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Reinventing Giants How Chinese Global Competitor Haier Has Changed the Way Big Companies Transform

Bill Fischer, Umberto Lago, and Fang Liu Foreword by Alexander Osterwalder

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Contents

Foreword

ix

Alexander Osterwalder

1. 2.

Moving a Company with the Times: What Makes Haier Unique?

1

The Battlefield: The Home Appliance Industry in the West and China

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The Story of Haier and the Evolution of Its Corporate Culture

43

4.

Liberating Talent: Tapping the Entrepreneurial Spirit

81

5.

Building a Corporate Culture for the Twenty-First Century

109

6.

Haier as a High Performer

147

7.

A True Hybrid: How to Fashion a Strategically Agile Organization

175

A True Disrupter: How Embracing Change Creates Value

211

3.

8.

Postscript: While We Were Writing . . .

227

Appendix: How ZZJYTs Work

233

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CR OE INNTVEENNTTSI N G G I A N T S

Notes

249

Acknowledgments

261

The Authors

267

Index

269

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1 MOVING A COMPANY WITH THE TIMES What Makes Haier Unique?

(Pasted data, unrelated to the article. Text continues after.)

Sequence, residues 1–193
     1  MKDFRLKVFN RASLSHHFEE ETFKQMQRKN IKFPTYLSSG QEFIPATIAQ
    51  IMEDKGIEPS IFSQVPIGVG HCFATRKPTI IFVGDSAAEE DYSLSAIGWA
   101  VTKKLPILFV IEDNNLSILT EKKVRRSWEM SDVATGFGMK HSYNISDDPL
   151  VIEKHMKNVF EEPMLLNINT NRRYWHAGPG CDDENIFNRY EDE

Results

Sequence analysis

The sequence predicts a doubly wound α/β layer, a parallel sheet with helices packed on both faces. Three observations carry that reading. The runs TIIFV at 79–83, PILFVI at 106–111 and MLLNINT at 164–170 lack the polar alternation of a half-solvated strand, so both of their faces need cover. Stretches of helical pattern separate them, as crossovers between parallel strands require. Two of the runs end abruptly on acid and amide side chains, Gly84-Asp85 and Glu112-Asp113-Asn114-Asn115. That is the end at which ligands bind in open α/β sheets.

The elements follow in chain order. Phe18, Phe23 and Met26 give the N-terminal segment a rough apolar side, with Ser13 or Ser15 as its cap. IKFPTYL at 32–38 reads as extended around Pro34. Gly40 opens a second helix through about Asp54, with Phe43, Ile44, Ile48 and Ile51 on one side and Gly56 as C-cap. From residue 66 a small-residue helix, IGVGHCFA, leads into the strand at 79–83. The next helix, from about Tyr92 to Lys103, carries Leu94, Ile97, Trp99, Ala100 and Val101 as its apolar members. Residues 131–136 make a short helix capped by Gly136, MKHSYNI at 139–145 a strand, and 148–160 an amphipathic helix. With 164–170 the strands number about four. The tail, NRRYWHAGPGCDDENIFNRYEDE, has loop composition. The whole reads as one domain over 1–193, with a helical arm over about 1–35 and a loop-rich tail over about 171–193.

Change is the only constant in the brave new world of global competition. Organizations that do it well flourish; those that do not can find themselves looking at their possible demise. Either way, change is inevitable: change in offerings, change in locations, change in strategy, and ultimately change in the organization itself. None of this is easy or natural. Jack Welch of GE was famous for saying, “When the rate of change outside [an organization] exceeds the rate of change inside, the end is in sight,” and IBM’s former CEO, Sam Palmisano, observed, “Organizational culture thrives only to the extent that it is open to being re-created.”1 But change, especially big change, is difficult, and frequently it is something that all too many organizational actors hope can be avoided, or at least minimized, at all costs. Not surprisingly, those who succeed in orchestrating big change are regarded with admiration by students of business; those who do it more than once are considered exceptional. This book is about transformational change—the reinvention of a corporate business model and culture not once but at least three times within thirty years. Since change for change’s sake is never a good idea, and certainly not noteworthy enough to merit book-length attention, this book is also about the context in which big strategic change takes place: the whys and wherefores that mandate and shape change. And it is about change leadership as well—the hows—because big change is never easy to accomplish,